Speaking of spreadsheets, Excel user Joan Kazmarek wrote to say that when she uses Ctrl+End (the keyboard shortcut that sends the cursor to the end of a document or to the bottom of a Web page) her cursor jumps to a cell way beyond the last one she is currently using.
    Well, this happens because the distant cell had been used at some point, even though it now no longer contains any data. My suggestion was click on the apparently empty cell and then go to Edit, Clear, Contents. This is because using Edit, Delete (or deleting a cell's contents with the Spacebar or Del key) may empty the cell, but will leave it active in the worksheet.

Controlling a Spreadsheet's Print-Out
    Other spreadsheet users have written to say they can't seem to control a worksheet's print-out, and that using the Print command will generate multiple sheets of blank paper, when it is only a one-page job.
    There are various reasons this can happen, but the usual cause is having used a far-distant cell at some point that the spreadsheet thinks needs to be included in the print-out.
    Well, there are a number of ways to fix this, but for a one page print-out I think this is the easiest: mouse-select the whole worksheet and then go to File, Print, and choose Selection. This means that only the selected data will be printed.
    However, there is one other step that is recommended before printing any spreadsheet (or any other kind of document); go to File, Print Preview, to see exactly what will be printed.

Sep 14

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More About Recovering Hard Drive Storage Space
    In regard to recovering hard disk storage space, I recently suggested deleting unneeded files. Well, getting rid of unwanted programs can free up even more space. However, removing a program is normally not done by just deleting a particular file; the entire application must be "uninstalled."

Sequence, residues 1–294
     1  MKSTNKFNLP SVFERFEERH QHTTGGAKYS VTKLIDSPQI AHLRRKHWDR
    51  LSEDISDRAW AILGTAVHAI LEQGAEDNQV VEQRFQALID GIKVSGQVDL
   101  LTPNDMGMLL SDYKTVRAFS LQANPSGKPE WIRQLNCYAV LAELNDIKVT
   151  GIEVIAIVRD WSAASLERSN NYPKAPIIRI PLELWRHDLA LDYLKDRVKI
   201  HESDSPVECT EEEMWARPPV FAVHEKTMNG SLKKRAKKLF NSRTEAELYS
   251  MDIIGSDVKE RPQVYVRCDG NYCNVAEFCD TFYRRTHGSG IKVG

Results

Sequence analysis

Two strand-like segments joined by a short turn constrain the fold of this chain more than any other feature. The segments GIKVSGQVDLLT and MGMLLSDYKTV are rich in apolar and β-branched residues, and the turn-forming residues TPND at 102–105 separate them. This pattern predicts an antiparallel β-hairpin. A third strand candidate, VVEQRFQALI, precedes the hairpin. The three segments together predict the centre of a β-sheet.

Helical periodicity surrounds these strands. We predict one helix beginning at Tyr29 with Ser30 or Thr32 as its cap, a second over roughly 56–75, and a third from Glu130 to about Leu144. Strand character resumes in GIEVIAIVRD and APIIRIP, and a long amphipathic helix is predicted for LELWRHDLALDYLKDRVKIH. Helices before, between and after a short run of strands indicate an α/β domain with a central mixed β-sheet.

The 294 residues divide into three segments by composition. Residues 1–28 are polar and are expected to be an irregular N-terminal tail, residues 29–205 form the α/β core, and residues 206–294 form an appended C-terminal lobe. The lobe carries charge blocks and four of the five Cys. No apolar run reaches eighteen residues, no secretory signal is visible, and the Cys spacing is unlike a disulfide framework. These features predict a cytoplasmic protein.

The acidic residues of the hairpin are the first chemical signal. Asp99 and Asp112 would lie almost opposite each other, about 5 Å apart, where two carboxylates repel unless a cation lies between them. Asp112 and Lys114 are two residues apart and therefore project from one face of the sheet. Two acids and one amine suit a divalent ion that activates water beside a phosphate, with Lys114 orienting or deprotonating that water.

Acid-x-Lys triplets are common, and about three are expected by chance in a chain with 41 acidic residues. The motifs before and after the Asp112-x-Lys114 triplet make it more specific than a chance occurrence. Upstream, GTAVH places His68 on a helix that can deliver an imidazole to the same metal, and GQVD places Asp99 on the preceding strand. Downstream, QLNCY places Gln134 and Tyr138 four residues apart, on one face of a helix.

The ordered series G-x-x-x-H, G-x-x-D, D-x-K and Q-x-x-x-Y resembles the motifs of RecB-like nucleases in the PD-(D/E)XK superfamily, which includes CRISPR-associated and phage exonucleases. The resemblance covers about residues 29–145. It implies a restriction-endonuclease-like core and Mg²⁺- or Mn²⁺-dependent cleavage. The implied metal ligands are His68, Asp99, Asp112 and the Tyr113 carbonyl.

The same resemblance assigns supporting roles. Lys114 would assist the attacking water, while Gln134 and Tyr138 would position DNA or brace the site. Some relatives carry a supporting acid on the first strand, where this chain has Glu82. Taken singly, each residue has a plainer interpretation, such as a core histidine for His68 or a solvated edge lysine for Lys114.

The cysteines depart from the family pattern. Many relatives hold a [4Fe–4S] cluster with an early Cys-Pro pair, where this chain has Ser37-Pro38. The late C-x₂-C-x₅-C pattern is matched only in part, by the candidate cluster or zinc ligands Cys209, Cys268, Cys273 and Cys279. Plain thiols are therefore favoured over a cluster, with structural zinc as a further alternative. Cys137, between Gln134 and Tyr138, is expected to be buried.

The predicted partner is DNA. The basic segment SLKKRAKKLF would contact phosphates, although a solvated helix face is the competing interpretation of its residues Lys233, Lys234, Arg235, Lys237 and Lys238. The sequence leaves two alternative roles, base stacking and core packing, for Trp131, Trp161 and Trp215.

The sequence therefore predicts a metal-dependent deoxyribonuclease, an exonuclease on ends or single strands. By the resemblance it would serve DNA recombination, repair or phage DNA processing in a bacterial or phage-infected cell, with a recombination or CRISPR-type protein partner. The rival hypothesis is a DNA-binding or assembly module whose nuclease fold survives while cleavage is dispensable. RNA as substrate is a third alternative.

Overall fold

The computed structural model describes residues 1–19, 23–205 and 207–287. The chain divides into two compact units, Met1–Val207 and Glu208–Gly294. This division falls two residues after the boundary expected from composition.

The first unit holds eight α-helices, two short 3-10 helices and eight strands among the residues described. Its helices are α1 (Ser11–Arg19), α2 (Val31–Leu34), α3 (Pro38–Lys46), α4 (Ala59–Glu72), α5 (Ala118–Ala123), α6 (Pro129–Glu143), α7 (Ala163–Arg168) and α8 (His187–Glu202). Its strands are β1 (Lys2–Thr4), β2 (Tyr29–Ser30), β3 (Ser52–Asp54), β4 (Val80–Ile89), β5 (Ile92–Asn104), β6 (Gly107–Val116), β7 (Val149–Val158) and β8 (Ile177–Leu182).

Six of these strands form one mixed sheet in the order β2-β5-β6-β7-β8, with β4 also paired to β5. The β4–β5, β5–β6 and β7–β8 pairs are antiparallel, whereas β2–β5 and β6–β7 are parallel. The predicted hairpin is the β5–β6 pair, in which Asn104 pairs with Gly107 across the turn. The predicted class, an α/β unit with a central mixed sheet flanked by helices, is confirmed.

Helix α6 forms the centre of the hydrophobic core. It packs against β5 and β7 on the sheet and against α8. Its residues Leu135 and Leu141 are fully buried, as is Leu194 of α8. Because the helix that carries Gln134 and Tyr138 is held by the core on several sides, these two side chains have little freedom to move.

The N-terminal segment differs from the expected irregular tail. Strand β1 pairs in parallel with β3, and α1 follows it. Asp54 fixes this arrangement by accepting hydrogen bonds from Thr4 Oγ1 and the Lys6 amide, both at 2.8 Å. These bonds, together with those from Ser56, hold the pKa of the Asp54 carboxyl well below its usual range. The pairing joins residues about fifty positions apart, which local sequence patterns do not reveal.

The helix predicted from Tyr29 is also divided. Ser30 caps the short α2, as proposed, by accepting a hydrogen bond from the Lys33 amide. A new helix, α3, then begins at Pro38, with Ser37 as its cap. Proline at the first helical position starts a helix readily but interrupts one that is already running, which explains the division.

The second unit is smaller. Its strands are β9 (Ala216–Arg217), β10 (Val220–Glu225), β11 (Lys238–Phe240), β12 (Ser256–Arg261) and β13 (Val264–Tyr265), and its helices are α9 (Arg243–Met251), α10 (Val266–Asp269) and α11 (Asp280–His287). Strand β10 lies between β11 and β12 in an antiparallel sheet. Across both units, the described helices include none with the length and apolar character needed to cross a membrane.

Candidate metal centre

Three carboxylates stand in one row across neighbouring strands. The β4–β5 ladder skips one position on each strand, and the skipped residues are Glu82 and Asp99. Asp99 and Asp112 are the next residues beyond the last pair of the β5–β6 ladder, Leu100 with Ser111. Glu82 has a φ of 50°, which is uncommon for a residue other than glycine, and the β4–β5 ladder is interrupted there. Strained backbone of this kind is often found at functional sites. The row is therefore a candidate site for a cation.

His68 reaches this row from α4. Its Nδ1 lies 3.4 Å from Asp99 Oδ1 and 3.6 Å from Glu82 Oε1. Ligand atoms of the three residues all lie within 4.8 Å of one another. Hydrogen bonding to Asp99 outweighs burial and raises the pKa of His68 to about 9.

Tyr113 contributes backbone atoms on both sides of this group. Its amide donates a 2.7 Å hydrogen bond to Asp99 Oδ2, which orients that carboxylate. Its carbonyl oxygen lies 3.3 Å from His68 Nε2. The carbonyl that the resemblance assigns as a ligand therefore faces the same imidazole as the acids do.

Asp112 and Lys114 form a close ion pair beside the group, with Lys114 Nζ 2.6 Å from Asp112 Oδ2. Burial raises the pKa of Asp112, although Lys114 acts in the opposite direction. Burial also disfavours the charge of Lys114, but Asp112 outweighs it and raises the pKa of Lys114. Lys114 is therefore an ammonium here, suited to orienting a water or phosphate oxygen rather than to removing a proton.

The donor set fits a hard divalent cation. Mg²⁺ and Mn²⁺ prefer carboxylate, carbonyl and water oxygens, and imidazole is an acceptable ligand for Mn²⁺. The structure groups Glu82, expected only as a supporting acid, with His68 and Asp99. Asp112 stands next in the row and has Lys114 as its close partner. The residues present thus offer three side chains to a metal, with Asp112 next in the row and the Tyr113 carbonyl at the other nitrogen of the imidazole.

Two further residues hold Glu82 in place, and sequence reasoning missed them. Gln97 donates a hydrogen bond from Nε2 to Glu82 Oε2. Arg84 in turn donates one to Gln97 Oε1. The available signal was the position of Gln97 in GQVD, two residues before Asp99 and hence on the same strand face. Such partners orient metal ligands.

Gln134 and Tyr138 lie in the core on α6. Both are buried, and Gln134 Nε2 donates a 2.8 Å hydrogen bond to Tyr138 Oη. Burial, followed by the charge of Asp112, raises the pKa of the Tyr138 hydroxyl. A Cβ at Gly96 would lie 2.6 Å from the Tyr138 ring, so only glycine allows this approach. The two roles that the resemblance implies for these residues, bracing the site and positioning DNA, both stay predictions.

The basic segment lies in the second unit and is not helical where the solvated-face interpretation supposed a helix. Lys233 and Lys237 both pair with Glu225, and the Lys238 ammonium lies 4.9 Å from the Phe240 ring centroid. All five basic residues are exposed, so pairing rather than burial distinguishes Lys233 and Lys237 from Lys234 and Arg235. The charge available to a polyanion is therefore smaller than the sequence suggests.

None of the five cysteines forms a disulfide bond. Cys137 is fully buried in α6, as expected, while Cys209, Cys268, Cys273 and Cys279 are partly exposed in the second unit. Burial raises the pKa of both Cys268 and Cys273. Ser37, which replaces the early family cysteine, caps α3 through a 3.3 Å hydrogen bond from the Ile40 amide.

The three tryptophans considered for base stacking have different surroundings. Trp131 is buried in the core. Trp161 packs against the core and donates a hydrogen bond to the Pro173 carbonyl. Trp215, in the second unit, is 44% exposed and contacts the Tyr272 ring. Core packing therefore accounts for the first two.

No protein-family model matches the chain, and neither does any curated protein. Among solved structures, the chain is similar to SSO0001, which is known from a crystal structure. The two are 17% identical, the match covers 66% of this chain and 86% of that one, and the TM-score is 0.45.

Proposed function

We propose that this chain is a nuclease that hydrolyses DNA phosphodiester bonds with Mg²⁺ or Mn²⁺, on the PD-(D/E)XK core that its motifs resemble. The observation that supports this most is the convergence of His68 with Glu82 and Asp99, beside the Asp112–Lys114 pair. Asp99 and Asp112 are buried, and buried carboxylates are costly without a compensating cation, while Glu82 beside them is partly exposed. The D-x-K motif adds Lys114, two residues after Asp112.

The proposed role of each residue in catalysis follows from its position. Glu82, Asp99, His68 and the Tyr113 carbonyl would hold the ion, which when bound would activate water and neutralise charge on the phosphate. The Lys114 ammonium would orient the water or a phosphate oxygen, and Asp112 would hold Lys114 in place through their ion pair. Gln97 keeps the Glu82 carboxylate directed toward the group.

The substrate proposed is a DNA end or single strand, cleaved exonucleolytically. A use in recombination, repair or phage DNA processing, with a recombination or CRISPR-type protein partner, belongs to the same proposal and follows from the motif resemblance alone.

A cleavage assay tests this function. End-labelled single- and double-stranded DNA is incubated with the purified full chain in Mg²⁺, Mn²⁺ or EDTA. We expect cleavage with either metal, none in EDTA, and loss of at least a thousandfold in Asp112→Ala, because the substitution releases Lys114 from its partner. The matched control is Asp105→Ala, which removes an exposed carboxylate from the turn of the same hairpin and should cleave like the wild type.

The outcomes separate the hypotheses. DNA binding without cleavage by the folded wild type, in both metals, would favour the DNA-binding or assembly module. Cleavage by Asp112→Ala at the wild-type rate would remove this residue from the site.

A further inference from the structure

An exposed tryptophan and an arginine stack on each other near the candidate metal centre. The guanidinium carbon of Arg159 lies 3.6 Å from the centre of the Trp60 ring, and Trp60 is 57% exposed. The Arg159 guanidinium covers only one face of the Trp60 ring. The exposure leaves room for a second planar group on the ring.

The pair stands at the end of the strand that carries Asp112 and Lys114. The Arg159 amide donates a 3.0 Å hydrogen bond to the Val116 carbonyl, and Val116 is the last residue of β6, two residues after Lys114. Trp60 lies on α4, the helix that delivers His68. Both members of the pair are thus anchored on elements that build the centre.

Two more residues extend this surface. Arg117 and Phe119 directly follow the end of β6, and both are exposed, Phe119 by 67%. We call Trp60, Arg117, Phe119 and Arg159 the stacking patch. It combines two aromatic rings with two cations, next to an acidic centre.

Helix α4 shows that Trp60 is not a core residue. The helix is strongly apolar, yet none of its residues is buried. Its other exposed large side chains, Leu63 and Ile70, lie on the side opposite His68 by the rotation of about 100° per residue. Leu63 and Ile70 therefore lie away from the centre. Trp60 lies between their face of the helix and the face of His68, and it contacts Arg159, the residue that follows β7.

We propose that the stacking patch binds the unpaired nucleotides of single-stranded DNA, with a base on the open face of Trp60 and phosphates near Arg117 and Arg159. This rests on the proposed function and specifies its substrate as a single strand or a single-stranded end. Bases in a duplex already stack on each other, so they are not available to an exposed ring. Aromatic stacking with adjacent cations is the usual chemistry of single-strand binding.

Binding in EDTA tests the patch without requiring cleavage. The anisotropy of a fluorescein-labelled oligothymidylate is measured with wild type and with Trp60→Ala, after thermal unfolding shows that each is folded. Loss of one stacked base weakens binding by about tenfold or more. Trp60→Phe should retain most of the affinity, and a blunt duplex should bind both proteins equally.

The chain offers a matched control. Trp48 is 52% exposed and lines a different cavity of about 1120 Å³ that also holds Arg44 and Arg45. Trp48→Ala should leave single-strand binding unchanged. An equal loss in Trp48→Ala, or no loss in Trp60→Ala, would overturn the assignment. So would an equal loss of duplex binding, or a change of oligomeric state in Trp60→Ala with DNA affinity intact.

Double-click My Computer and choose Control Panel. Next click on Add/Remove Programs and a listing of your various applications will appear. Click on any unwanted program, choose Change/Remove, and follow the prompts.
    If the unwanted program does not appear in the Add/Remove list, look for its main folder under My Computer\C:\Program Files. Double-click the folder and look for a file named "Uninstall" or "Unwise" (the latter being a cute way of trying to discourage you from uninstalling the program). Finally, double-clicking either of these will take you through the uninstallation steps.
    Bear in mind that a program's "main folder" might not have the same name as the program itself. For instance, AVG (the free anti-virus program) is inside a folder named "Grisoft."

Searching for Files and Programs
    However, you can always use Start, Search/Find, Files & Folders, to locate any programs you want to uninstall. If you type "uninstall" (or "unwise") into the File Name box, you'll be shown every "uninstall" file on your computer, along with the program with which it is associated. Double-clicking one will begin its uninstallation process.

Getting Rid of "Spyware"
    One way to find and remove unwanted stuff on your PC is to use an anti-spyware program such as "SpyBot - Search & Destroy," which will display a list undesirable items you may have accumulated while surfing the Web. This free program can be found at
    After uninstalling a program, you should run "Defrag" to defragment your hard drive. This is because the various files that comprise a program are usually spread all over a hard drive, and their deletion can leave your disk looking like so much "Swiss cheese."

"ScanDisk" and "Defrag" - Important Hard Disk Maintenance Tools!
    Win98 users should run ScanDisk before running Defrag, while WinXP has a "scan disk" feature built into its Defrag utility.
    These tools should also be run periodically as routine hard drive maintenance; and there are different ways they can initiated. The complete list of options would take up more space than we have here - however, all the instructions can be found on my site at

Error Message on Boot-Up